Sunday, May 26, 2013

The Somnambulist

I realize, that one day, I may be in big trouble for telling this story. 

Sometimes, when I am tapping away at my computer, sitting on the plump chair-and-a-half in the living room, Sophia will wander down the stairs.  She says nothing.  Sometimes she looks around, or heads into the kitchen.  Wordlessly, I gently steer her back up the stairs.  Sometimes she even goes to the bathroom before heading back to her room, still asleep.

The next day, she has no recollection of what happened.  In fact, she wants to know what her sleeping self was up to:

“You were sleepwalking again last night.”

“Really?  What did I do, Mom?”

“Not much.  You just came down the stairs and stood there for a minute.   I said, ‘Sophie? What’s the matter?’ but you didn’t answer me.”

“Were my eyes open?”

“Yes.  That’s what was so weird about it.  You looked like you were awake, but really out of it.”

“Did I say anything?”

“Nope.  It was really creepy.  You were like a zombie.” 

She liked that.   “Cool!”

My mother says that I slept walked as a child, and that she was always afraid I was going to fall down the stairs.  But, apparently, in this slow wave stage of sleep, one is capable of performing activities that are usually performed when fully conscious.

Well, sort of:

I have just retired to my bedroom and am pulling out my pajamas, when Sophie appears in the doorway.  This is not uncommon.  I figure she’s about to ask me for another glass of water. 

She looks a bit dazed as she walks into my room.   She does not acknowledge me, which strikes me as unusual.

Then, before I know what is happening—before I can speak—she grips the sides of her pajama bottoms and slides them down.  Then she pulls down her underwear.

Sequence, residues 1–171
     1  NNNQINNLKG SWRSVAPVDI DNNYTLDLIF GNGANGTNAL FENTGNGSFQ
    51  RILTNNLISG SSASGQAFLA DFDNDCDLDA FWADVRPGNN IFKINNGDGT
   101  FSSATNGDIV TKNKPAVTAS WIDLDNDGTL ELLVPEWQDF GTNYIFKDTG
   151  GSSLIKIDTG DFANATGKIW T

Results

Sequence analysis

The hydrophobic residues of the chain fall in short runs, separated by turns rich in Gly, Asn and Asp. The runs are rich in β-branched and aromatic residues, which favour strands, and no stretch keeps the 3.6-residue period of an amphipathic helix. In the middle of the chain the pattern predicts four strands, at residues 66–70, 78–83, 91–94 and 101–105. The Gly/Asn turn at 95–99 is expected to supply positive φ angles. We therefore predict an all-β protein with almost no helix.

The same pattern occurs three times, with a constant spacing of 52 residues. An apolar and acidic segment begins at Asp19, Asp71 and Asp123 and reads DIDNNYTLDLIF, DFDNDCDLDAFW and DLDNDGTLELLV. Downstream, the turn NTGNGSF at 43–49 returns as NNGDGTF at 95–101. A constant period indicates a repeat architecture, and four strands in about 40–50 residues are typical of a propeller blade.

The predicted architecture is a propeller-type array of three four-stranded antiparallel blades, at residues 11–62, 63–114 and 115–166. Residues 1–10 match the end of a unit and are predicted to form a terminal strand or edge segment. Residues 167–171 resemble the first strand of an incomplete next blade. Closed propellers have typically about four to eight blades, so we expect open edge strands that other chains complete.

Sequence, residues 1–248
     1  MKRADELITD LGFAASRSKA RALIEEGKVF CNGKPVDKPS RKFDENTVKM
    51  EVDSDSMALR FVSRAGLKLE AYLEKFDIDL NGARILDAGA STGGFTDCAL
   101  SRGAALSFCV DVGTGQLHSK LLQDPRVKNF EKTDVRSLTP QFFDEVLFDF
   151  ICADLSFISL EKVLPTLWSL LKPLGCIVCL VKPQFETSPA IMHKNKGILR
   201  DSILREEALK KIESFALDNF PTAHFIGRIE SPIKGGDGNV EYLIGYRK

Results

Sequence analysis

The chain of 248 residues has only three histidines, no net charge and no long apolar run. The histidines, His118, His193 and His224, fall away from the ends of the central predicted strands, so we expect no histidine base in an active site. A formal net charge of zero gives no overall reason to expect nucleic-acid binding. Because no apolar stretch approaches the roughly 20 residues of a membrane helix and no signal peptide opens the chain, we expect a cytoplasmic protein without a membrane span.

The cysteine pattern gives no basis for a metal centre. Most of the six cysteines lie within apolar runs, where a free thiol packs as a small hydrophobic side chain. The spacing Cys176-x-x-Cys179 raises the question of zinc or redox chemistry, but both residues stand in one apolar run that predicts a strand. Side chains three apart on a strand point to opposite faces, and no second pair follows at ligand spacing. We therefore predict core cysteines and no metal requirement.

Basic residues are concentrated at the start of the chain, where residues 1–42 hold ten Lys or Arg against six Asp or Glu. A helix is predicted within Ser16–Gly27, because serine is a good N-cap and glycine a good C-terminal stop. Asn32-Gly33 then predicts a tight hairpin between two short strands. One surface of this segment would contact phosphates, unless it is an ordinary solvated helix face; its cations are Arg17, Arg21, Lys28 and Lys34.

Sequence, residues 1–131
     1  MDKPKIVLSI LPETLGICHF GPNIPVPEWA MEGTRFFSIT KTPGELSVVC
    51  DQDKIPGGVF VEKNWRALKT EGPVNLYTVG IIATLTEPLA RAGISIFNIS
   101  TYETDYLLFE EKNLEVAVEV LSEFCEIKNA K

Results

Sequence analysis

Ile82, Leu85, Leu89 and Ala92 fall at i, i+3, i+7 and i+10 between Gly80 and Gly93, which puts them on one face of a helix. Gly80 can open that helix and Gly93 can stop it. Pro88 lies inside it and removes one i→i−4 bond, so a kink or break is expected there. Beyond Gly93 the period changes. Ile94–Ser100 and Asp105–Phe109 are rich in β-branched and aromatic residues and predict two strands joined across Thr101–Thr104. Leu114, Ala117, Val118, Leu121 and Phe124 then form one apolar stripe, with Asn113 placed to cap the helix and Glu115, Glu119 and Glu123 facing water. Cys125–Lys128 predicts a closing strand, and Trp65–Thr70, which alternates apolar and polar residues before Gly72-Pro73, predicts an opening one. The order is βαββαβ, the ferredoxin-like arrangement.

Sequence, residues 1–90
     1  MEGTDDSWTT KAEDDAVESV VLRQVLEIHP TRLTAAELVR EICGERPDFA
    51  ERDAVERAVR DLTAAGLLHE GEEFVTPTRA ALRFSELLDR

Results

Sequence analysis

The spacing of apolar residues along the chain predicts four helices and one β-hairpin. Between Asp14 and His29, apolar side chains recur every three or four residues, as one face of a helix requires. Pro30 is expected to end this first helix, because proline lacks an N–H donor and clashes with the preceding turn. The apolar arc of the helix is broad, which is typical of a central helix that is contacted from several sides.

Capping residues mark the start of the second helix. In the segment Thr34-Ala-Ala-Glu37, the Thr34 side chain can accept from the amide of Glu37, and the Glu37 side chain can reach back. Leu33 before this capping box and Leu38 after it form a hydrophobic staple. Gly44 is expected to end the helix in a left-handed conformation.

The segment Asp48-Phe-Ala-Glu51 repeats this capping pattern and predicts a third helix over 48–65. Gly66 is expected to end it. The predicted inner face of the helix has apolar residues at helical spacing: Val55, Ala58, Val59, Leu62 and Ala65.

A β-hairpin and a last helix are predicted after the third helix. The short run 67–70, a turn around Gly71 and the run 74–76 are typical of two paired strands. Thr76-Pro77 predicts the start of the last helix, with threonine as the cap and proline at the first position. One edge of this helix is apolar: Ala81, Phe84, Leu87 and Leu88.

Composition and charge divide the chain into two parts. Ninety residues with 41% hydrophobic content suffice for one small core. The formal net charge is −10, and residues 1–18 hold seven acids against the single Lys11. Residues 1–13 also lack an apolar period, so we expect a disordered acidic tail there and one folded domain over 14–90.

“Sophie!  No! This isn’t the bathroom!” I cry out, as she squats a little and lets go with the yellow flow.

The whole thing happens feels like it’s happening in slow motion.  But now that she is midstream, there is really nothing I can do to stop her.  She pees and pees, and the puddle on my wood floor grows larger and larger.  If I were to pick her up now, surely she would leave a trail of urine from my bedroom to the bathroom, soaking the carpet along the way.  No, I decide, it’s better to simply let her finish and then intervene. 

Seconds feel like minutes.  I move my black suede boots out of harm’s way. 

Sophie generally drinks a couple glasses of water before she goes to bed.  This has never been a problem, since she has always woken up to go to the bathroom.  Even when she was first toilet trained. 

But now, it’s a liability.

When she finally has stopped, I slip off her wet things, lift her from under her arms, and spirit her away to the tub.  She is crying now, and is difficult to tell whether I have woken her, or if she is still asleep.

Though it feels terribly cruel, I turn on the hand-held shower, wait until the water is warm, and hose her down. 

“No!  Stop laughing at me!  Stop laughing!” she cries, trying to block the water with her hands as I do my best to soap her up and rinse her off.

Trust me, I am not laughing. 

“Shhhhh.  It’s okay, Soph.  No one’s laughing at you,” I try to reassure her.  I pull her out of the tub and rub her legs dry. 

“Let’s get you in some fresh underwear,” I say.  She puts them on by herself.

The next morning, she crawls into bed next to me.  “Mom?  What happened to my pajama bottoms?  I had them on when I went to sleep, but I woke up in my underwear.” 

She’s not putting me on; at least I don’t think she is.  I tell her the whole story, and she’s delighted, laughing.  “I don’t remember any of that,” she tells me.  “Did it really happen?”

“Look,” I say pointing to a bottle of disinfectant still under my nightstand, “there’s the proof.” 

“Where are my clothes?”

“In the washing machine.”

“Can you tell me the story again?” 

I am happy to oblige.  It is tale that incorporates her most favorite things:  humor, toilet talk, and a slice of her life.  And, though, one day it may prove to be embarrassing, it is one of those stories that will become family lore.